"You don't have to eat latkes with applesauce or sour cream," says Rachel Klein. She treats rustic potato latkes like regal blinis, serving them with farmed paddlefish roe (a sustainable, less expensive alternative to wild sturgeon caviar) and crème fraîche.
1 large baking potato (1 pound), peeled
1 small onion (4 ounces), peeled
1/4 cup all-purpose flour
1 tablespoon matzo meal
1 large egg, lightly beaten
1 1/2 teaspoons salt
1/2 teaspoon freshly ground pepper
Vegetable oil, for frying
1/2 cup crème fraîche
6 ounces thinly sliced gravlax, cut into 2-by-1/2-inch strips
2 ounces paddlefish roe (see Note)
How to Make It
In a food processor or on a box grater, coarsely shred the potato and onion. Transfer to a colander and squeeze dry. Let stand for 2 minutes, then squeeze dry again. Transfer the potato mixture to a large bowl. Add the flour, matzo meal, egg, salt and pepper and stir to combine.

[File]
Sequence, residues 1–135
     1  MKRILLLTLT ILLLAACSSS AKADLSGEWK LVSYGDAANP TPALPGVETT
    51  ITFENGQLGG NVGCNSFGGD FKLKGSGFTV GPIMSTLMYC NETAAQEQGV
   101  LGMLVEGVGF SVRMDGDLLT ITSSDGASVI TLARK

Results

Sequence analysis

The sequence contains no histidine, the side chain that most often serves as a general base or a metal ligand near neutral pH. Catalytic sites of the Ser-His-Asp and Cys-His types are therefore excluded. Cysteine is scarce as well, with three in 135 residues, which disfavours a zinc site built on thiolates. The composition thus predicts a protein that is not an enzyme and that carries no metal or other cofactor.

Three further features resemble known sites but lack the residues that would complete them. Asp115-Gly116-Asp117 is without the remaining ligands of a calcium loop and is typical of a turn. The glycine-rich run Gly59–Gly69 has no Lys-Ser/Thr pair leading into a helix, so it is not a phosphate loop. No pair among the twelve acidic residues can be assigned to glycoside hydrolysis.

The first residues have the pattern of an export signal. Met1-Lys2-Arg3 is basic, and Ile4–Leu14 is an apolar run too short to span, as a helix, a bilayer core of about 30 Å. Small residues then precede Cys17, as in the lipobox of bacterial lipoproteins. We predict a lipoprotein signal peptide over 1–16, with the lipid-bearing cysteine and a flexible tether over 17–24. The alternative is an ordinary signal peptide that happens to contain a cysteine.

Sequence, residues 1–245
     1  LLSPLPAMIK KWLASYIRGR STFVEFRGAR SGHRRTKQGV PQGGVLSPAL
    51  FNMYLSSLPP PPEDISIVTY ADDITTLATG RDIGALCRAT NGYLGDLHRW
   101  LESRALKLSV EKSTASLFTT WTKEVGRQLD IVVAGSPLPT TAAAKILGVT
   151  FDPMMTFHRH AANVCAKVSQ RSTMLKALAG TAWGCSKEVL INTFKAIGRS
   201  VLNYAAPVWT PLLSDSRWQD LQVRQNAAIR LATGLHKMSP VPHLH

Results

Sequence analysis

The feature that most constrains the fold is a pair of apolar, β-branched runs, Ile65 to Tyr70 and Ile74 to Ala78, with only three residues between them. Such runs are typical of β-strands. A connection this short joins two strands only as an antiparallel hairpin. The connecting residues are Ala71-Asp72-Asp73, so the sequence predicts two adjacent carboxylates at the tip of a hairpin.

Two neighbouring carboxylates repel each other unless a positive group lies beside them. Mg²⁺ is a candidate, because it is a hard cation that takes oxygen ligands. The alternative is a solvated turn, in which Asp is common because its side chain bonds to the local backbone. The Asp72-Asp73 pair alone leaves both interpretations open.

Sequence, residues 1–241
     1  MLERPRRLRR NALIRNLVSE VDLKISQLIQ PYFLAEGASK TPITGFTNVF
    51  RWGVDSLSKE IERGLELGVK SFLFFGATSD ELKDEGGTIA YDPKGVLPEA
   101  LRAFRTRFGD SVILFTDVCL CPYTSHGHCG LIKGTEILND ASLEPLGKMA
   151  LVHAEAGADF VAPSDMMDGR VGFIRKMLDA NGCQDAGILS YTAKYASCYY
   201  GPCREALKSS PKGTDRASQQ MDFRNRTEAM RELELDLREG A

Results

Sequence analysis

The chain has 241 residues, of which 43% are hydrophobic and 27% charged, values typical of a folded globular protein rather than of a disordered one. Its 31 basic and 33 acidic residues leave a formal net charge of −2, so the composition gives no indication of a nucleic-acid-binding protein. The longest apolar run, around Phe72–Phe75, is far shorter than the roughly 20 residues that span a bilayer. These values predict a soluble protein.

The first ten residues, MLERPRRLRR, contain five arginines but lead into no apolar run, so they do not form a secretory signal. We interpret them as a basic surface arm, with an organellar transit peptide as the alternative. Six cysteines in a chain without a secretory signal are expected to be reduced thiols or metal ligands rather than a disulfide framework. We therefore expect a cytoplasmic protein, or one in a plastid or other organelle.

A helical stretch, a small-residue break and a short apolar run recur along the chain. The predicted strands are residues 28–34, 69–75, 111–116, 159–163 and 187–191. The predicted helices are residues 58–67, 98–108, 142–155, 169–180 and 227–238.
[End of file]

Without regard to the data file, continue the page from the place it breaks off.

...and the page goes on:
In a medium skillet, heat 2 tablespoons of vegetable oil until shimmering. Drop packed teaspoons of the potato mixture into the skillet and flatten them with the back of a spoon. Cook the latkes over moderately high heat until the edges are golden, about 1 1/2 minutes; flip and cook until golden on the bottom, about 1 minute. Drain on paper towels. Repeat with the remaining potato mixture, adding more oil to the skillet as needed.
Arrange the latkes on a platter and top each one with crème fraîche, gravlax and roe. Serve warm.
The fried latkes can be kept at room temperature for up to 4 hours. Reheat them on a dark baking sheet in a 375° oven for about 5 minutes, or until warmed through and crisp.
Paddlefish is a relative of sturgeon. Its roe is available at specialty food stores.
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